Amateurs like me can think about this move at best, but not that one.

This side is open.

Because of the wall, black can't get out.

This move looks fascinating.

After this, Lee tried to escape with a knight's move.

I pushed in the actual game, but this knight's move looks better.

This move looks very solid. What do you think?

This jump is better, because black can aim at this tiger's mouth later.

This was exchanged with this knight's move, which was good for white.

Maybe Lee thought it was ok for black.

To be honest, it was fine.

White had half an eye here, and there were some more places to make eyes if necessary.

Nevertheless, white wasn't completely alive.

Black had to manage his group first.

Lee kosumied here, removing his own weakness first.

Black was aiming at both groups.

Lee's response was very aggressive here.

It was a crucial battle.

If white connected his groups, black would be far behind on territory.

So Lee had to attack white's two groups.

The focus was on the extent to which black could utilize his thickness.

Lee played an ugly looking move here.

Well, I think this was the losing move.

Where should black have played then?

If Lee had chosen this move, white would have been in trouble.

White has no choice but to cut immediately.

Black has to defend his weakness with an empty triangle.

Should black push here?

No, this move is better.

After that, black needs to remove white's eye shape, like this.

This attachment is the trickiest continuation for black to deal with.

How about this move? Is black's center group safe?

If black plays a kosumi here, this group is alive.

Or he can push here first.

Even if white plays here, black can survive in the center.

This placement looks more severe.

However, white has a weakness here.

After pushing, black can atari white's two stones and live.

Because of that, white needs to connect, to threaten the center group.

But it creates many weak points on the outside.

Black can attach and cut white like this.

Even if white resists, black can split white.

In addition, this move is sente.

In other words, black's center group is safe.

Even if white threatens the group, black can tenuki.

Even though black's center group could be a target, Lee didn't need to worry about it.

Therefore, to save this black group, black can attack white's top group.

Aren't black's groups separated?

Yes, they are.

This attachment is the strongest response.

Black will answer here. If white plays like this, he can rescue his group.

After capturing this stone, white's alive.

However, this push is very painful for white.

After that, black will attack this group.

There's no escape.

What if white gives up his two stones? Who's ahead then?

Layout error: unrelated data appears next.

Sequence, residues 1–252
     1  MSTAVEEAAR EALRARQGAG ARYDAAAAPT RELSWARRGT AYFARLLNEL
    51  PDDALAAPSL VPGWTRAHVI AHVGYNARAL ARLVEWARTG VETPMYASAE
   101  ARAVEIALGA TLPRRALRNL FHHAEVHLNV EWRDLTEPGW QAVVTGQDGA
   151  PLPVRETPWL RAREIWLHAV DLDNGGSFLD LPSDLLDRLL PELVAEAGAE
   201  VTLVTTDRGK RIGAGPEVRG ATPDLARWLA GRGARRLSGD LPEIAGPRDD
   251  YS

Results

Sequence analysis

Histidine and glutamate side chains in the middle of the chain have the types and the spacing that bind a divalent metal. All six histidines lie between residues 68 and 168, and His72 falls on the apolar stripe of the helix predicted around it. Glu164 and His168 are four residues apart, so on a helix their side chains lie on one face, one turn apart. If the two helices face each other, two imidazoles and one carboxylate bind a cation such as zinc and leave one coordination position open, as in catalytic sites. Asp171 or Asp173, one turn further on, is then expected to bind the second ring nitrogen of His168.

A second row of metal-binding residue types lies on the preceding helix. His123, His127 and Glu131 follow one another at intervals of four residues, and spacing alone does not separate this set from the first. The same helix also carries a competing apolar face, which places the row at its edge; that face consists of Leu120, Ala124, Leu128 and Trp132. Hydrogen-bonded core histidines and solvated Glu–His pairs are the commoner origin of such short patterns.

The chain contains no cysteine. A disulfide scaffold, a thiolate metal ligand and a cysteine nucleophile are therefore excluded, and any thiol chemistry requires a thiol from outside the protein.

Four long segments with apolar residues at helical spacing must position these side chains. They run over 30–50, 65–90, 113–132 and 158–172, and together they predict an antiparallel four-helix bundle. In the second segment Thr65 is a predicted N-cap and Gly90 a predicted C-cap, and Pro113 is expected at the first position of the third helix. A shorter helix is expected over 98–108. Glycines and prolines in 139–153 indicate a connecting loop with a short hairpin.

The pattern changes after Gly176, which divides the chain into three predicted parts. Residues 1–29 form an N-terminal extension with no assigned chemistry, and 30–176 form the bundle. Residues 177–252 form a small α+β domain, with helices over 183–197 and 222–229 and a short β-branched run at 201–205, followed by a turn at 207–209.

Overall, white has already lost many points.

More importantly, this white group isn't alive yet.

The life and death of the group is unclear.

White lacks territory. Connecting here is sente.

Since black takes control of the right hand side, he can make many more points there.

It was a subtle situation.

The focus was on how black should cut white's groups.

At that time, Lee preferred peaceful variations to complicated fights.

I think his sense of extreme fighting was still a bit too vague.

Shall we look at the actual progression, from the game?

Lee intended to take care of the center group by cutting here.

White's hane was a nice move.

After this exchange, white connected.

Black captured this stone in sente.

After white bumped, black couldn't cut here.

So, in order to rescue this group, black's only choice was this hane.

Then a ko began. Did black have any ko threats now?

Black cut here. It was the only area where black could make ko threats.

However, white didn't answer, and captured these four stones.

White's capture was only worth ten points. But wasn't it very thick?

Yes, it was.

It'd be ok if black could capture both of white's groups now. What do you think?

You're right. In that case, black could've continued to play.

However, white was able to rescue this group by attaching here.

We've seen young Lee Changho's moves during the battle at the top and the bottom.

However, his mistake at a crucial moment was huge.

Seo detected the mistake and punished it very well.

With his canny sense of play, Seo took control of the game.

As a result, Seo won by resignation.

You became the Tongyang Securities Cup champion, with a 3-1 score.

After this, you met Lee in finals another seven or eight times.

However, this was your first and last finals victory against Lee.

Stay tuned, because we'll review another game after the break.

A recent game between Kim Jiseok 9p and Park Junghwan 9p is coming up.

Today's game is from the semifinal of the 8th Price Information Cup. Kim Jiseok plays Park Junghwan.

At the time when this game was played, Kim was still 8p.

Both players carry the future hope for Korean Baduk.

Kim's style of play is quite famous.

His games are very complex.

Sometimes, his moves are incomprehensible.

Is it hard for you to comprehensively assess Kim's play?


However, Kim and Park are natural enemies. And it seems that Kim can't seem to perform well against Park.

What do you think of this?

We need to view their relationship differently.

Kim's strength has increased recently.

Because of that, we need to continue to watch and wait.

Kim took a title from Lee Sedol 9p recently.

It will be very interesting to see what happens when they meet again.

Let's look at a summary about both players.

Kim Jiseok vs Park Junghwan results: